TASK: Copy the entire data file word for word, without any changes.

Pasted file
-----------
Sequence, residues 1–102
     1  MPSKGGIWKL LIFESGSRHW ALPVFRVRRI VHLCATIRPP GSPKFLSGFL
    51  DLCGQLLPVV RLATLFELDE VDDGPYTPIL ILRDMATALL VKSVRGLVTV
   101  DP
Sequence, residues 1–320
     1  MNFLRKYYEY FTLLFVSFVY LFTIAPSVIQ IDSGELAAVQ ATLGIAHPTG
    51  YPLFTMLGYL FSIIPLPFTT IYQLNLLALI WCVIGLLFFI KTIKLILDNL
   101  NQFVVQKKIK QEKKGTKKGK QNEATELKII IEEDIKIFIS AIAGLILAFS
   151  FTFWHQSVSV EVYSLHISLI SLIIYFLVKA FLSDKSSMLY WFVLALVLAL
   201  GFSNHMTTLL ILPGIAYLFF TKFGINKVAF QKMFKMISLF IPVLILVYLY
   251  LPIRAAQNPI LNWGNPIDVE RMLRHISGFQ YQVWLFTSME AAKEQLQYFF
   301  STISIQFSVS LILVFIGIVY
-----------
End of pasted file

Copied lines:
Sequence, residues 1–102
     1  MPSKGGIWKL LIFESGSRHW ALPVFRVRRI VHLCATIRPP GSPKFLSGFL
    51  DLCGQLLPVV RLATLFELDE VDDGPYTPIL ILRDMATALL VKSVRGLVTV
   101  DP
Sequence, residues 1–320
     1  MNFLRKYYEY FTLLFVSFVY LFTIAPSVIQ IDSGELAAVQ ATLGIAHPTG
    51  YPLFTMLGYL FSIIPLPFTT IYQLNLLALI WCVIGLLFFI KTIKLILDNL
   101  NQFVVQKKIK QEKKGTKKGK QNEATELKII IEEDIKIFIS AIAGLILAFS
   151  FTFWHQSVSV EVYSLHISLI SLIIYFLVKA FLSDKSSMLY WFVLALVLAL
   201  GFSNHMTTLL ILPGIAYLFF TKFGINKVAF QKMFKMISLF IPVLILVYLY
   251  LPIRAAQNPI LNWGNPIDVE RMLRHISGFQ YQVWLFTSME AAKEQLQYFF
   301  STISIQFSVS LILVFIGIVY